Claustrophobic people could never use this shaped bag. It’s designed to maximize warmth, but also to reduce weight for a hiker to carry. It does this by having a narrow shoulder but wide hip allowance for squeezing into. Again, trade-offs.

Double-wide

This bag is designed for maximum comfort. Two people can easily sleep together and couple that with an air mattress or foam pad and it’s cozy and comfortable. An extra benefit is most of these bags are designed to come apart and form two individual bags.

Insulation: Sleeping bags come with various types of insulation.

Synthetic-fill Insulation: The majority of people choose synthetic insulation and with good reasons. Synthetic insulation, made of polyester, is price-friendly, quick drying and insulates even if wet. It’s overall performance is excellent and its durable and non-allergenic. However, synthetic insulation does not pack down as small as down insulation therefore its less versatile for backpacking.

Goose-Down insulation is a durable and more compressible alternative, but carries a higher price tag. The huge downside to goose-down is it loses its insulation factor if it becomes wet, therefore some bags come with feathers that are chemically treated to resist moisture.

***Note*** Never store your sleeping bag rolled up or in a storage bag, as the insulation will retain that memory, which will create a problem of the bag remaining flat.

Hang the bag up on a hanger fully unrolled.

Additional Sleeping Bag Options: Just like a new motor vehicle which comes in the basic package with available options, sleeping bags are no exception.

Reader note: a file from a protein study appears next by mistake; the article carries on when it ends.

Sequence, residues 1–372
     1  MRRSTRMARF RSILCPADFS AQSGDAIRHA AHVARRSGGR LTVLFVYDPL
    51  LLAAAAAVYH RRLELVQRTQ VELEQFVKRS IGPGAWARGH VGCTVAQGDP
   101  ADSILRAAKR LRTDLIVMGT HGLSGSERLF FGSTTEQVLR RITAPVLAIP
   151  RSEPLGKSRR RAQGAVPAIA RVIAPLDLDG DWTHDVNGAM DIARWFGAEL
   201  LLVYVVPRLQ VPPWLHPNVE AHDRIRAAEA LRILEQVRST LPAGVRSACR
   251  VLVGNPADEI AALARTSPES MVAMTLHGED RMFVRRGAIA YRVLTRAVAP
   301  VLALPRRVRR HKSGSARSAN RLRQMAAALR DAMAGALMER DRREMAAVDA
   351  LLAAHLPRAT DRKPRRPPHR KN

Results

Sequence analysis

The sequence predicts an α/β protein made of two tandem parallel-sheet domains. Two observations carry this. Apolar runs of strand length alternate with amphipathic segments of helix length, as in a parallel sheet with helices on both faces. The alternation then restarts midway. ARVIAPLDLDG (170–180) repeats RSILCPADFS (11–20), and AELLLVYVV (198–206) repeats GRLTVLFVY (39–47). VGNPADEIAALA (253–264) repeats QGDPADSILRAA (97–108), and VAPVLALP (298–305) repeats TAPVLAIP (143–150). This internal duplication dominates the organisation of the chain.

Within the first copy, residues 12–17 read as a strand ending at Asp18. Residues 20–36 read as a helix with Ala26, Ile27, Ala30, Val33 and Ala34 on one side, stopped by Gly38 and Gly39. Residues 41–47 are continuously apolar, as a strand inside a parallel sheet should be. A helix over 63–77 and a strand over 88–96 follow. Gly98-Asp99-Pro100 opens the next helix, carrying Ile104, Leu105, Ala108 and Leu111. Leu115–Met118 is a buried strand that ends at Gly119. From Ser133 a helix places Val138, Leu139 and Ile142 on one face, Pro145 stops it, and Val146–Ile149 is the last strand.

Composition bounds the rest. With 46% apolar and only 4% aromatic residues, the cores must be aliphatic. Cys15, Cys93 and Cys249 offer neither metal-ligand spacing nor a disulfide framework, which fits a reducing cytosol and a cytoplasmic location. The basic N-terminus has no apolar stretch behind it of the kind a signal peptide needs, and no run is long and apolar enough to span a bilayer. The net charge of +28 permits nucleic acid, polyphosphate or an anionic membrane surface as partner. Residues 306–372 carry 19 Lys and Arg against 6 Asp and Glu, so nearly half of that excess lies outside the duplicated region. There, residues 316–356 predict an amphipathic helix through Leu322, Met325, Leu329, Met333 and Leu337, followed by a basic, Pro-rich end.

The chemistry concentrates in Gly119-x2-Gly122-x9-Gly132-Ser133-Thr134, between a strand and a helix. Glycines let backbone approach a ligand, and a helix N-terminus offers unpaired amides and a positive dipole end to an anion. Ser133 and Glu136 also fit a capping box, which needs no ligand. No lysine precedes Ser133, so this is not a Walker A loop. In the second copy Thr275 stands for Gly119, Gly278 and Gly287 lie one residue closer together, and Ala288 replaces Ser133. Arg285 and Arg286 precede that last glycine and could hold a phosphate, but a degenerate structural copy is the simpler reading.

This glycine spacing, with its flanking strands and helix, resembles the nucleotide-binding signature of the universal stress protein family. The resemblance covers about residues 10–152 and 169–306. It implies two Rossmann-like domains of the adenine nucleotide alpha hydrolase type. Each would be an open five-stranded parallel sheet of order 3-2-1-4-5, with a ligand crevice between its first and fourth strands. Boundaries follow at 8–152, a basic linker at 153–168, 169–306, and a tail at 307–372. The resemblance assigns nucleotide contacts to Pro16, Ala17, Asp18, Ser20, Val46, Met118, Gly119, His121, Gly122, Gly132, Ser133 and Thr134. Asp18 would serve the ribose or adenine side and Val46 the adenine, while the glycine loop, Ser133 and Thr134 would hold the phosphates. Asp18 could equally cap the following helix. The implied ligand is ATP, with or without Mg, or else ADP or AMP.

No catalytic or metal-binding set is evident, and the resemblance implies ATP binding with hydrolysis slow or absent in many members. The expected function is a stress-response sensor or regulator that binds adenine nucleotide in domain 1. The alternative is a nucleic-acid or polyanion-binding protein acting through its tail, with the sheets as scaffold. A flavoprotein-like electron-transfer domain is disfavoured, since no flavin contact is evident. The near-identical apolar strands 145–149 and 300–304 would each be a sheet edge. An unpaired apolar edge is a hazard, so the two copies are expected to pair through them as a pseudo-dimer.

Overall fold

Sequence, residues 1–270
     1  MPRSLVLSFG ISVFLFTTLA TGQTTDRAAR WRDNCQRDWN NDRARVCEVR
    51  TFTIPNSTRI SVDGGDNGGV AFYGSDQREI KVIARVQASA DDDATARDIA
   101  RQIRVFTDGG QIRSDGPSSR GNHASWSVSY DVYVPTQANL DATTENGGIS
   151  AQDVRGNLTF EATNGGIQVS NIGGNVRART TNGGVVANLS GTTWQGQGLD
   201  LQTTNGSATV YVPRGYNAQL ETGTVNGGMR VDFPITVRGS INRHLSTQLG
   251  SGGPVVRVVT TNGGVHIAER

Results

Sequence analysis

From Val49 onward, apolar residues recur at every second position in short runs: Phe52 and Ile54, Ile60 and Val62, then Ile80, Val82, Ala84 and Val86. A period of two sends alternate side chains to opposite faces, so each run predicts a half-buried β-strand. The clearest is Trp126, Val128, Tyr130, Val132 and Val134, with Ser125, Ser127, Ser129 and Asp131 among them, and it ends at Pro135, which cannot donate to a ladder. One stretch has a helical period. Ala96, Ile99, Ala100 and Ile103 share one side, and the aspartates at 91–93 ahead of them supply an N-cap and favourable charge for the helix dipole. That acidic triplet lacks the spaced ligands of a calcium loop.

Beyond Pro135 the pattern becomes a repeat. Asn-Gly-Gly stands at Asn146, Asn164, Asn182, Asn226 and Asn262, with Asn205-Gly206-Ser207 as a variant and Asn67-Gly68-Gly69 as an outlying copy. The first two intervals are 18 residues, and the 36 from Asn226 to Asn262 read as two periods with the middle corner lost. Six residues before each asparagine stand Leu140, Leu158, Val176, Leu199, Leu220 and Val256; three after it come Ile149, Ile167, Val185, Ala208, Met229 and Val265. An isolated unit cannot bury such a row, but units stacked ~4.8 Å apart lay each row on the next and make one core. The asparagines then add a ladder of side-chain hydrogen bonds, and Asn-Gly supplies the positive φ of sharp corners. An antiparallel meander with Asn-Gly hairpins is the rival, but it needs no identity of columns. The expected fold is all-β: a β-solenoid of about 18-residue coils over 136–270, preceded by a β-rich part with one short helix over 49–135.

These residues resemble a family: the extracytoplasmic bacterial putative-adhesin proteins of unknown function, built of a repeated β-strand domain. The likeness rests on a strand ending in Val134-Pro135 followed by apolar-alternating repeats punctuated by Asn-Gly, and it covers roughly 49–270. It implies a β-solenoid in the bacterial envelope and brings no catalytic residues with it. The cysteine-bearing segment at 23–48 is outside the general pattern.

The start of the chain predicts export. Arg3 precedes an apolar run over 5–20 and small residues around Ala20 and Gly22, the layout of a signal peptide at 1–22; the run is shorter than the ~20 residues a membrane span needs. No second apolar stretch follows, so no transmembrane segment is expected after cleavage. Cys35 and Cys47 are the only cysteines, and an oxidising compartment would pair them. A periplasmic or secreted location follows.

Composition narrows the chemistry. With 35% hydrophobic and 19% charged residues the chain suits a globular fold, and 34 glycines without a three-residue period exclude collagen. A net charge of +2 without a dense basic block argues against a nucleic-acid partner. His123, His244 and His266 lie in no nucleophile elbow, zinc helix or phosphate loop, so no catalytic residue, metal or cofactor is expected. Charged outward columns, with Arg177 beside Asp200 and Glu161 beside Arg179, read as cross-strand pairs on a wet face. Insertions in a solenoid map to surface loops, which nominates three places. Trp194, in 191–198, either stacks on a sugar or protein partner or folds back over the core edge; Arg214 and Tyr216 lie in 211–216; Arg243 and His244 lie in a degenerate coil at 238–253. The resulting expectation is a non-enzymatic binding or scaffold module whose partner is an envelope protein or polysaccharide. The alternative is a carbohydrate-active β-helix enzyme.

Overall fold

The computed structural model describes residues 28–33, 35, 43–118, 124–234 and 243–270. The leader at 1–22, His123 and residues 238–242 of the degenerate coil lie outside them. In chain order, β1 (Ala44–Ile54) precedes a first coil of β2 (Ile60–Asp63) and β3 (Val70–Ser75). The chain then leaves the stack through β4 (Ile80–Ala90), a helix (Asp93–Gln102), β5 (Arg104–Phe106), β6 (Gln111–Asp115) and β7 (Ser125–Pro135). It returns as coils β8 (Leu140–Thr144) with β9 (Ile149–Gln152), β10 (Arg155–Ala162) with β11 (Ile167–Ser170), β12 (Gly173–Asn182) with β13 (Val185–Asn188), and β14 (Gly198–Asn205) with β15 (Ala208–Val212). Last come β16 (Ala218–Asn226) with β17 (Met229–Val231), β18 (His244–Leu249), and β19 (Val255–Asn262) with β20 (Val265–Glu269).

Sleeping bag shell and/or liner: Nearly all sleeping bags have an outer covering (shell) made of rip-stop nylon or polyester for durability. A large portion of synthetic bags offer a shell treated with what is known as a durable water repellent, which prevents the fabric from soaking in moisture. You can tell if the bag has been treated by exposing it to water, if it beads up, it’s treated. Some bags are made with a liner that is designed to disperse body moisture, therefore the bag must be able to breathe. These bags will not be treated. Again … trade-offs. Just be aware of which type you are buying.

Sleeping Hoods: Every outdoors person knows the greatest body heat loss is through the head. There are semi-rectangular sleeping bags that have a built-in hood, which when cinched tight with the draw cord, prevents heat from radiating out. Most will offer an attached pillow pocket that can be stuffed with clothing to create a soft pillow.

pad

Sleeping Pad

Other Pockets: A stash pocket allows for a storage space for small items like a watch, eyeglasses or MP3 player. A sleeping pad sleeve pocket is a sleeve for inserting a sleeping pad into to prevent rolling off it at night. A pillow pocket is just that, it forms a space for you to make a pillow out of clothing or a camping pillow.